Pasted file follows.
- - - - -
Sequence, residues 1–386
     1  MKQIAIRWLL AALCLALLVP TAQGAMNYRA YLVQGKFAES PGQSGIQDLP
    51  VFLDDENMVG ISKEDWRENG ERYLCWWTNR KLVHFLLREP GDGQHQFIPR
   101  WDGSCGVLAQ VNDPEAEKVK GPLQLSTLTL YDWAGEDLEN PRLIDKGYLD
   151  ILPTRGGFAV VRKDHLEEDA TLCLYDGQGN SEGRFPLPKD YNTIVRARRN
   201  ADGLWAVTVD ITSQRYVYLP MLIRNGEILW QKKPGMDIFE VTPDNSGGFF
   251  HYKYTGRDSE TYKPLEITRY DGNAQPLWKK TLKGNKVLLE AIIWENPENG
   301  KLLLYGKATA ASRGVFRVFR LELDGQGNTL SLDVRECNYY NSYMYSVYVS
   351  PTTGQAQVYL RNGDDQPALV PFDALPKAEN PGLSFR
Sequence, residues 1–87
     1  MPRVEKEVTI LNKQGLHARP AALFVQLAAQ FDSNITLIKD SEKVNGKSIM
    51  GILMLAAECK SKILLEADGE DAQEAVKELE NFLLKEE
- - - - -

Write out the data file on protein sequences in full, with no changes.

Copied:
Sequence, residues 1–386
     1  MKQIAIRWLL AALCLALLVP TAQGAMNYRA YLVQGKFAES PGQSGIQDLP
    51  VFLDDENMVG ISKEDWRENG ERYLCWWTNR KLVHFLLREP GDGQHQFIPR
   101  WDGSCGVLAQ VNDPEAEKVK GPLQLSTLTL YDWAGEDLEN PRLIDKGYLD
   151  ILPTRGGFAV VRKDHLEEDA TLCLYDGQGN SEGRFPLPKD YNTIVRARRN
   201  ADGLWAVTVD ITSQRYVYLP MLIRNGEILW QKKPGMDIFE VTPDNSGGFF
   251  HYKYTGRDSE TYKPLEITRY DGNAQPLWKK TLKGNKVLLE AIIWENPENG
   301  KLLLYGKATA ASRGVFRVFR LELDGQGNTL SLDVRECNYY NSYMYSVYVS
   351  PTTGQAQVYL RNGDDQPALV PFDALPKAEN PGLSFR
Sequence, residues 1–87
     1  MPRVEKEVTI LNKQGLHARP AALFVQLAAQ FDSNITLIKD SEKVNGKSIM
    51  GILMLAAECK SKILLEADGE DAQEAVKELE NFLLKEE